Echoes of Advent 2017

Our family Advent calendar

It has been my tradition for as long as I can remember to decorate the house on the 1st December. Advent means ‘coming’ or preparation’ and begins today for those of us who celebrate Christmas and the birth of Jesus.

The most important thing was to get the Advent calendar up. I did that last night. Despite not living at home any more our youngest son panics if it is not on the wall in time. Aren’t we having Christmas this year?!

Christmas Nativity

Given my cranky back, I had some doubts about whether I could manage to do my usual thing. But it’s much better so the day was spent in unpacking the boxes so carefully packed away after last Christmas. TRH (The Retired Husband) grizzled when I asked him to help lift them down from storage.

We only put them away yesterday, he said.

The tree is not put up until a lot closer to Christmas. Traditionally Christmas Eve. Ours goes up a week or two before.

And so we start the countdown to the big day – for us, Christmas Eve.

To those  celebrating Christmas, may your time of preparation be unsullied by the commercial hype, be unhurried, stress free, joyful and harmonious.

© Raili Tanska

Steps for Peace
Peace is its own reward. Gandhi
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24 thoughts on “Echoes of Advent 2017

  1. My grandmother used to put up an advent calendar. I love that memory. I put my tree up the Saturday after Thanksgiving. I enjoy lighting it every day; I only have a few presents underneath it but I’m only buying a few. trying not to get pulled into the commercialism hype. But I do enjoy lighting up my tree and sitting next to it I have it on right now. I slept with a YouTube video of a fireplace crackling, I loved it

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  2. My daughter was born on 1 December, so it’s a tradition wherever she is to celebrate her birthday with a gift of an Advent calendar of some kind. This year, I gave her a calendar with a selection of teas, a different kind for each day. And her husband did the same! But not the same make, so she has a breakfast tea and an afternoon tea – double whammy!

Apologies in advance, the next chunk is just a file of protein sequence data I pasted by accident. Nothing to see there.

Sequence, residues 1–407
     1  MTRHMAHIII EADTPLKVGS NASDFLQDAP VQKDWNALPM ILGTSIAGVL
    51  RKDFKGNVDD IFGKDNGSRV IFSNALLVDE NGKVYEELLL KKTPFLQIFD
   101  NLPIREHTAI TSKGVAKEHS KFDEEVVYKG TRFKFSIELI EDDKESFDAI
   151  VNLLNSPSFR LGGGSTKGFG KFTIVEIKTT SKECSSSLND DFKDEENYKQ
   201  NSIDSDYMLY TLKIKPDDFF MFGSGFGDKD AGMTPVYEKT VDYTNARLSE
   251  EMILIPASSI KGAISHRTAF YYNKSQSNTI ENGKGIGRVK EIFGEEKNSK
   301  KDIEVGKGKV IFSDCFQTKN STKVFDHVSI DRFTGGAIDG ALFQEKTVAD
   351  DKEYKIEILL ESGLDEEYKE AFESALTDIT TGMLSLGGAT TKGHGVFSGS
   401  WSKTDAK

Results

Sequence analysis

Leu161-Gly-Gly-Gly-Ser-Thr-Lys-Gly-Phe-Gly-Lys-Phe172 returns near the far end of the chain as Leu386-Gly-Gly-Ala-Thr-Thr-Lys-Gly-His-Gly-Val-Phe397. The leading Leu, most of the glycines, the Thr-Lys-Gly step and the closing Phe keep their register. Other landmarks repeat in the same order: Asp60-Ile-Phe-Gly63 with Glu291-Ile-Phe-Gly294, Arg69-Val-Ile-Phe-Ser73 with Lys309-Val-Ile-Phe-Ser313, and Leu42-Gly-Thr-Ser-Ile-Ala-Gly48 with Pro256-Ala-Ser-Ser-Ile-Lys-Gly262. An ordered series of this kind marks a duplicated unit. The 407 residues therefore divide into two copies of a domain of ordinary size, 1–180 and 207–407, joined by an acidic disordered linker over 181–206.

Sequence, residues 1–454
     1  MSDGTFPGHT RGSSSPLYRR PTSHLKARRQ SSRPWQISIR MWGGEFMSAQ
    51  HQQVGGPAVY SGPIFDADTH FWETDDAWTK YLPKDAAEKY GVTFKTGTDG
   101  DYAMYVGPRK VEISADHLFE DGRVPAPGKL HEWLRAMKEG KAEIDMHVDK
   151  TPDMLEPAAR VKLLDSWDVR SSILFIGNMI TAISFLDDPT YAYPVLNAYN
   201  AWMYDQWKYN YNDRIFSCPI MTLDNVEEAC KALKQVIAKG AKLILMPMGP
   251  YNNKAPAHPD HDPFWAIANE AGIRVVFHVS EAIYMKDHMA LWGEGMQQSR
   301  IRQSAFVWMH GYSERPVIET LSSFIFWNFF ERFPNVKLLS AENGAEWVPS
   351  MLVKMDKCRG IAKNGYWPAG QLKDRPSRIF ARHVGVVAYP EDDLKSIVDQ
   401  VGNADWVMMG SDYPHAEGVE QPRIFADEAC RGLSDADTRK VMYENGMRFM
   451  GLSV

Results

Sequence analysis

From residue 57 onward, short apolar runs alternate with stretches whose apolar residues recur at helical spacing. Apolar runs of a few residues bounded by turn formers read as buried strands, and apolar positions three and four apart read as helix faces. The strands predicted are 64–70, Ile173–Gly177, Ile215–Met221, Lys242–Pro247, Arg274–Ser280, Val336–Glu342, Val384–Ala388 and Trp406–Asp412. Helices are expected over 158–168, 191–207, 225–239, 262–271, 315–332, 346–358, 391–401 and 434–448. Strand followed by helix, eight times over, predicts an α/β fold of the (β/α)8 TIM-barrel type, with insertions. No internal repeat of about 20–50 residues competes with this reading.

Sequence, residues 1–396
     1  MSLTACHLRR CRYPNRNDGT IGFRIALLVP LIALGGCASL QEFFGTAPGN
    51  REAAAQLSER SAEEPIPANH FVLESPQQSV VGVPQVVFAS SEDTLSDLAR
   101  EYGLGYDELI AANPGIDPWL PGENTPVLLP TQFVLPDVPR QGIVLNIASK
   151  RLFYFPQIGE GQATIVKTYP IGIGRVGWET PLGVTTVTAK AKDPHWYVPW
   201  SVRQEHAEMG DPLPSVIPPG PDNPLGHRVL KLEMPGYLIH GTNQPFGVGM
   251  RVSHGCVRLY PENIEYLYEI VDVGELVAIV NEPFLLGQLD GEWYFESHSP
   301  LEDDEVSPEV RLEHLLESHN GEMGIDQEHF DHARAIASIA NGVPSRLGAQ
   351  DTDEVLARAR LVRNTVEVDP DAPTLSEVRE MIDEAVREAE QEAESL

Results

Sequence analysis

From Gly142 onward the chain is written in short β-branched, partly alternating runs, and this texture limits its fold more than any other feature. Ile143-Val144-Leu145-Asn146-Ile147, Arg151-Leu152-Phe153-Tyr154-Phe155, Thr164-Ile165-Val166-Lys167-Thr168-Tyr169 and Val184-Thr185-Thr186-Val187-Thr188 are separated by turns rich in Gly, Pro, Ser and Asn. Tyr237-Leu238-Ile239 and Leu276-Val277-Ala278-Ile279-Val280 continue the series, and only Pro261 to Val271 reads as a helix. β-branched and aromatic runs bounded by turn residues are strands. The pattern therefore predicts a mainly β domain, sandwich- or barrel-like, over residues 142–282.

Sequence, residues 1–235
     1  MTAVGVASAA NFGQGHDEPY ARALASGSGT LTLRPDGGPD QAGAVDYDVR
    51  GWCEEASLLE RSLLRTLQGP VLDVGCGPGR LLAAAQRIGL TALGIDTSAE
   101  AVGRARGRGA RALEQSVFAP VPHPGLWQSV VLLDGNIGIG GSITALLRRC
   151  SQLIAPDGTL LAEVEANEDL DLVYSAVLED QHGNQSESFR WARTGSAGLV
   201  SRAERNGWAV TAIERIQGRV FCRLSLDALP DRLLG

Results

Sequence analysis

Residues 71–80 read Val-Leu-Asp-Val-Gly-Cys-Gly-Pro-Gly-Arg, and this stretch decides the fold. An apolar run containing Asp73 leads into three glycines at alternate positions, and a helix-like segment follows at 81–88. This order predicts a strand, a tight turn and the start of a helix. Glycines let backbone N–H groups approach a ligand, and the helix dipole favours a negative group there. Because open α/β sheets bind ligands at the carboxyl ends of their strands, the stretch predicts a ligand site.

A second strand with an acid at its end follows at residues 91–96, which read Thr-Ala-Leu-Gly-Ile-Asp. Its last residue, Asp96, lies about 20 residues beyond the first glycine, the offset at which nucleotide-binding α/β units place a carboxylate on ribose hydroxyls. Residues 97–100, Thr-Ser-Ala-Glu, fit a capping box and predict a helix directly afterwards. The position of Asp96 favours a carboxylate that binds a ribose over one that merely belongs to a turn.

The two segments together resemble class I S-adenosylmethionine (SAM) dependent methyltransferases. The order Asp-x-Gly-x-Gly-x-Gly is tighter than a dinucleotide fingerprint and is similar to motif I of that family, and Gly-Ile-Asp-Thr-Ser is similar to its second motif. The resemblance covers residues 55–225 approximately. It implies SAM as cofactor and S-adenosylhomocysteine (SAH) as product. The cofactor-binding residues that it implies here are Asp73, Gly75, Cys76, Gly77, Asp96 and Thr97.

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    1. Family traditions are so interesting. My oldest son was born on 24th Dec. It was kind of a big deal when he was a kid, so we created a ‘coming home birthday’ celebrated on the anniversary of his arrival in our family from India. He’s 30 this year, so that tradition is history now.

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  3. This is a lovely post.
    We only put our tree up the week of Christmas as well, and keep it up for the 12 days.
    But we hardly do presents. We, and most of the people in our lives, just don’t need them.
    The whole community starts decorating from the last weekend in Nov, which used to bother me! Haha. Now, considering all of the sadness in the world, I really enjoy the way the community comes together to spread some joy and sparkle. I’m not so precious about it anymore. I mean, spiritually, we can celebrate that whenever we want. 🙂
    I do love advent calendars too, but haven’t used one in a while. And your koala gumnut babies. How cute!

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    1. Thank you. We too have made some changes. Nowadays we do Kris Kringle amongst extended family – each person is given the name of one person to buy a gift for up to an agreed amount. Simplifies things. I still put together gifts for charity. I have been doing that for many years, This year’s is for the homeless. One year we bought gifts of chickens, water buckets, seeds etc through OxFam. Another year we each put together a ShoeBox of Love for overseas children. Have a peaceful and blessed Advent 🙂

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  4. What a beautiful nativity scene. When I was small, my mum used to decorate the tree after we had all gone to bed on Christmas eve, so we’d wake up to find the living room transformed. It was the most exciting thing ever.
    I was so pleased to read in one of your comments that you’ve contributed to Oxfam Unwrapped in the past. I like to give the grandchildren Oxfam Unwrapped instead of Christmas cards, since it displays in the form of a card.

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      1. It’s those traditions that make Christmas. My older daughters created a couple of their own traditions when their eldest boys were tiny. Though they’re not part of my childhood, I love them, since they’re hard-wired into my grandchildren’s brains. Hopefully, they’ll carry them on if/when they have children of their own.

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